Long-term investors are optimistic about the stock market’s prospects. It makes no difference if the feel-good vibe comes from patriotism, past stock market history, or the rumblings of respected names in the investing world. The bottom line is that their money is still being put to good use.
They know better than to try to time the stock market by predicting when it will top or bottom. They invest for the long term and add to their holdings when the market declines and a buying opportunity arises.
Traders and short-term investors, on the other hand, do not think in this manner. They don’t have the luxury of buying into market losses and they don’t care about where the stocks will trade in a few years.
They just think about whether the market (i.e., the price of their particular investment) will rise or fall in the near future (perhaps 1–3 days to two weeks). As a result, they don’t consider “buying the dip” as an investment strategy unless one of their technical indicators gives them a clear buy signal.
When the Market is Falling
Rather than explaining the exact circumstance that exists with a specific falling stock market, consider every time the market falls after a significant rally. Assume that you acknowledge that you are unable to forecast the future and that you are unsure if current circumstances represent:
- The start of a bear market.
2. The beginning of a very brief crash
3. After a healthy correction, another rally to new market highs is expected.
4. The beginning of a time of market stagnation in which most investors would lose money.
- Borrowing capital to spend is not a smart idea. Don’t spend money that you’ll use in the next six months on anything else. Just spend money that has been set aside for that reason.
- Learn how to trade options to secure your portfolio from a costly loss while remaining bullish at the same time. (For more information, see below.)
Portfolio-protecting option strategies are available for long-term bullish investors. These strategies are appropriate for investors who:
- Are willing to pay for insurance — They know that if the market turns around and rallies, some of their future gains will be sacrificed because they purchased portfolio security and peace of mind. This is standard practise in any insurance scheme. For example, it could be a waste of money to purchase insurance if your home has never been burned down, but if it does, you cannot afford to be without it. Consider investing in the stock market in the same way.
- Want protection. To put it another way, prudence dictates that it might be time to hedge your portfolio by reducing exposure to a significant downturn, but you still want to be invested in case the market turns around..
In-the-Money Call Options may be used to replace stock.
For example, you own 300 shares of XYZ, which are currently trading at about $58 per share. Follow these steps:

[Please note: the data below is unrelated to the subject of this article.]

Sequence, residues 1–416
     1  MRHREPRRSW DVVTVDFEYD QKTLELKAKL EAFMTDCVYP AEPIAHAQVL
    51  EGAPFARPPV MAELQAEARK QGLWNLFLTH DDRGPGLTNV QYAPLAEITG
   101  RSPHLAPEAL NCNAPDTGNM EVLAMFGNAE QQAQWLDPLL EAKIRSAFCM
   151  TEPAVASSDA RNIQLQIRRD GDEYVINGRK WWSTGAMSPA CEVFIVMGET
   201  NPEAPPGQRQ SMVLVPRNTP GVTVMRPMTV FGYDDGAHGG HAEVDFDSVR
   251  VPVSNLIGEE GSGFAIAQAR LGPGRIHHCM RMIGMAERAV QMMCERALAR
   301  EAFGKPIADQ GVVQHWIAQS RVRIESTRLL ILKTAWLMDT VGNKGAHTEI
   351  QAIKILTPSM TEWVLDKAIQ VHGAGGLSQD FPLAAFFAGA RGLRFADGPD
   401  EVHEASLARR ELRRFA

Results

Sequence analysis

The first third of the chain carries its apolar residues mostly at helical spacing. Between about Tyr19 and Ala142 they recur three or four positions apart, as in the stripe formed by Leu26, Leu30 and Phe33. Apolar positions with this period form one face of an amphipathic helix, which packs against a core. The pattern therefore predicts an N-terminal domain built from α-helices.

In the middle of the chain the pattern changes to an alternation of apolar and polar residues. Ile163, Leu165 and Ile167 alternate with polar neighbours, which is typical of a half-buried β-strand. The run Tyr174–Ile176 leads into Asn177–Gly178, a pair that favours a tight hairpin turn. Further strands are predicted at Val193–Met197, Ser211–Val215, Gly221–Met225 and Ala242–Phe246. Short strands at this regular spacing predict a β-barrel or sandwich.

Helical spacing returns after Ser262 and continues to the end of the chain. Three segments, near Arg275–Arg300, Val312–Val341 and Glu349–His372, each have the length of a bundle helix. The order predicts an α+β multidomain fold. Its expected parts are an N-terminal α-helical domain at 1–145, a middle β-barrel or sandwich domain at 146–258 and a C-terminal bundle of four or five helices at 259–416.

- Sell the stock to withdraw the funds from the market.
- Purchase three call options right away (do not wait for a “better time”). The strike price must be profitable. In this case, you should possibly purchase the 55-strike call. However, if you’re willing to take on more downside risk, the 50-strike call is still a viable option.
- Select an expiration date that best suits your requirements. The longer the expiration date, the more you’ll have to pay for the call option. A later expiration date, on the other hand, provides portfolio security over a longer period of time.
Let’s pretend that XYZ dropped to $48. Obviously, stock can be purchased for $48. Alternatively, you can continue the safety-first approach by purchasing three new call options struck at (i.e., the strike price is) $45, while selling the old calls if there are any bids for them. You just lost the cost of the cost call option because the stock dropped from $58 to $48. Other shareholders suffered a $10 loss per share.
You still have complete ownership of 300 shares of XYZ if the market downturn ends and the market bounces. You get to indulge in the stock market rally no matter how high it rises. The only loss (the possible benefit you missed out on) is the call option’s time premium.
The intrinsic value of that call is $3 ($58 stock price minus $55 strike price) and the time value is $2 if you paid $5 for it. You will have missed out on the additional $2 per share, but you will have been covered from a huge loss and will have been a part of the rally. It could be a fantastic deal.
Buying put options (and holding the stock) is an alternate strategy, but it is not recommended for inexperienced traders because it is much easier to understand exactly what they own when the position is long call options. Having a mix of stock and put options can lead to uncertainty, which is something to avoid.
However, this approach is intelligent portfolio management, and it’s something you can learn about — even if you don’t plan to use it right now.
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